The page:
But you shall [earnestly] remember the Lord your God, for it is He Who gives you power to get wealth, that He may establish His covenant which He swore to your fathers, as it is this day” Deuteronomy 8:18 (Amplified)

Given this statement, what makes us think financial prosperity is bad? Yes, there are many corrupt people who are wealthy, but wealth and prosperity are not the same thing. Wealthy men can be owned completely by a spirit of Poverty. They are so money-focussed that they will do anything and everything to hold onto that money. Their drive is to preserve and gather for themselves.

A Prosperous man, conversely, gives. As a result, God places wealth into his hands for redistribution. He becomes a reservoir into which God pours a harvest of resources; financial, physical, whatever the area in which he is blessed. Sometimes it’s time. Sometimes it’s money. It may even be compassion. He prospers in all areas as a means of confirming the presence of God in his life.

Abraham knew God. Joseph knew God. David knew God. Their prosperity was in multiple areas. They walked with God. They used their relationship with God to draw others to God. Abraham became an entire nation. Joseph saved the greatest civilisation of the day. David gave the largest individual share to build the Temple completed by Solomon. Their prosperity, whilst ultimately financial in manifestation, was an expression of God’s presence and Covenant with them in their lives.

Somehow having money has become synonomous with being Godless. Whilst worshipping finances and seeking them for their own sake is clearly opposed to everything the Bible teaches, having financial wealth in and of itself is no more inherently evil than having nothing. Both cause issues for a believer’s life. Excess is not what God wants for us, but neither is lack.

Each believer must walk his path with God. We need finances to share the Gospel, and we need clothes and food to live. God knows this, and His prosperity manifests in our lives how we need it in order to demonstrate His covenant with us. He gives us power to create wealth, and allows us to ask so we may receive, but the asking must not be from selfish intentions, but simply and in faith – inspired by Him to do His work.

No Mystery in Unity

I had the priviledge of being at a wedding yesterday. My wife’s cousin married his fiancee and they have begun a journey that will change their lives forever.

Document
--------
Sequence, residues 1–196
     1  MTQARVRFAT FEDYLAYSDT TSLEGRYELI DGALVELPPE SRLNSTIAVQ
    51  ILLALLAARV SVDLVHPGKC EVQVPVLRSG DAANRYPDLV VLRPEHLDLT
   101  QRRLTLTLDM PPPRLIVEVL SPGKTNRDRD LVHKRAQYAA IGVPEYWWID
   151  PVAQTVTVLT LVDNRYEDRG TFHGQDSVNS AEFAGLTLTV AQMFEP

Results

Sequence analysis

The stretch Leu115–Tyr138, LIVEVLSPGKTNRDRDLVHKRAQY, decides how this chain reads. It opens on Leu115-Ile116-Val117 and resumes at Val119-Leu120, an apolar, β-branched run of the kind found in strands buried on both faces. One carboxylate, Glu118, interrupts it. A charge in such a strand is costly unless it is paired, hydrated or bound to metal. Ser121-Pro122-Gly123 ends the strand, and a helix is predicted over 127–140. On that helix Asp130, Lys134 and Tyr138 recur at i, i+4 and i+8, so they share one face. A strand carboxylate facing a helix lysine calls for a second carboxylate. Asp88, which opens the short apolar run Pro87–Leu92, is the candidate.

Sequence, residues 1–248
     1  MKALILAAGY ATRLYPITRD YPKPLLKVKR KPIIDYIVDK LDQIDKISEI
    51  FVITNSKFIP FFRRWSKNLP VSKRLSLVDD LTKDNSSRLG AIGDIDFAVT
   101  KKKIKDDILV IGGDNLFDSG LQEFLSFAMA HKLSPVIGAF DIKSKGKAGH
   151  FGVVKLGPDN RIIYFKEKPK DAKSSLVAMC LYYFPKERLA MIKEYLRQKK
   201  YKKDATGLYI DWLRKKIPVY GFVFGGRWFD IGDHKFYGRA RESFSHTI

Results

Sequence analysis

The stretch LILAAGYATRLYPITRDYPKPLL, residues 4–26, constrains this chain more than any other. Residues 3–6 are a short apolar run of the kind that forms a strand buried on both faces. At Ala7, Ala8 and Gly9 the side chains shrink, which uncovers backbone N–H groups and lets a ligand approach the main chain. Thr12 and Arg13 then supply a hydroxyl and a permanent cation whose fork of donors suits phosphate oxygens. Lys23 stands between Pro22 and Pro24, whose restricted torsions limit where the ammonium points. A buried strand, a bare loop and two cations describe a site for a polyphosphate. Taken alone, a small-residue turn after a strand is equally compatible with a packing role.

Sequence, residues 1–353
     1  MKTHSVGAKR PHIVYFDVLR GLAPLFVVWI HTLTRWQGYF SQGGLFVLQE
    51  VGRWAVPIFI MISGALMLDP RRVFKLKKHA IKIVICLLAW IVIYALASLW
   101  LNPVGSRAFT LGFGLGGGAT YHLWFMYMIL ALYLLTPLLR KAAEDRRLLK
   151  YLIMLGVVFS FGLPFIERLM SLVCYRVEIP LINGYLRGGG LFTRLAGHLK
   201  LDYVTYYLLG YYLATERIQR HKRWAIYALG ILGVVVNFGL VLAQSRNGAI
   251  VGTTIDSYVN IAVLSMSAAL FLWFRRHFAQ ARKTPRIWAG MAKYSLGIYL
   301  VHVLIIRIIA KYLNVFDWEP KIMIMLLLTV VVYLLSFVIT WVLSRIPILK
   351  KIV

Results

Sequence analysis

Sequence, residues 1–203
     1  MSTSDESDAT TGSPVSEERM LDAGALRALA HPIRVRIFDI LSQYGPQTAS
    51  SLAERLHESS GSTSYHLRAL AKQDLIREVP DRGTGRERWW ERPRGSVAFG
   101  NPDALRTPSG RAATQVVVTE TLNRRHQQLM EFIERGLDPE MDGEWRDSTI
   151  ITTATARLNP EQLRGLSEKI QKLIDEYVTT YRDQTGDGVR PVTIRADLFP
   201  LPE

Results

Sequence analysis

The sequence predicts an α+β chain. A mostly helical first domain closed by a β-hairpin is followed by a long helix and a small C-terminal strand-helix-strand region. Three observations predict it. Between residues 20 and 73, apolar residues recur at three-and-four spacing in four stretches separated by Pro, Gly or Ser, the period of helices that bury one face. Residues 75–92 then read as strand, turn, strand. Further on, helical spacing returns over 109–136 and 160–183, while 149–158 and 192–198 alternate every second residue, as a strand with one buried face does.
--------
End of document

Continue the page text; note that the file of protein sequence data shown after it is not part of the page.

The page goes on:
It put me in mind of the changes that I’ve seen in the last ten years I’ve been with my wife, courting for a year, and married for a little over nine now.

I wouldn’t change my decision to ask her for anything. It’s not been the easiest option, but I’d not want to be anywhere else.

Together we’ve walked this amazing journey that has seen us encounter joy and pain, loss and heartache, happiness and tragedy. Most of all, however, we’ve lived with Hope, Love and Faith as our companions.

We’ve walked through fire – life-threatening illness for both of us – still an ongoing battle – financial prosperity and crushing loss from medical bills. Through it all, Jesus has supported us. The support has come in many forms from many places externally, but through it all there has been a constant theme within the relationship.

Not once have we both hit bottom at the same time. God has aways given one of us the strength to lift the other – even when we couldn’t see it until later.

It’s 18 months since our lives really changed forever in a way I won’t go into now, but in that time He’s brought new friends into our life together who have themselves experienced hardships. We’ve been able to live as a true fellowship.

There’s a unity between us. We are united not by our troubles, but by our Hope. Not by the hardships, but by Faith. Not by the bitterness of the past, but by Love carrying us forwards.

The writer to the Hebrews says not to abandon the gathering of the believers. More and more recently I’ve realised that isn’t necessarily a denominational church as such, but rather getting together and sharing our lives on an intimate level with a few close friends.

I’ve not been a regular attendee of a denominational church since I left Torquay in 2003. I’ve not given up meeting with believers though. Family and friends who are born-again who we share our Faith with, teaching one another and sharing testimony.

I went to a few denominational churches over the last few years. Even a few house groups. Good people in them, but I felt superfluous. I wasn’t necessary to the life of the organisation. It seems to me that the church isn’t meant to be an organisation as much as it is an organism. An organisation will continue if parts are missing without change or noticing. Cut a piece off an organism and it stops functioning the way it was designed to.

My fellowship is small right now, but I know the people in it intimately and I trust them enough to let them know me. There’s a unity between us. It defines us. There’s no mystery in it.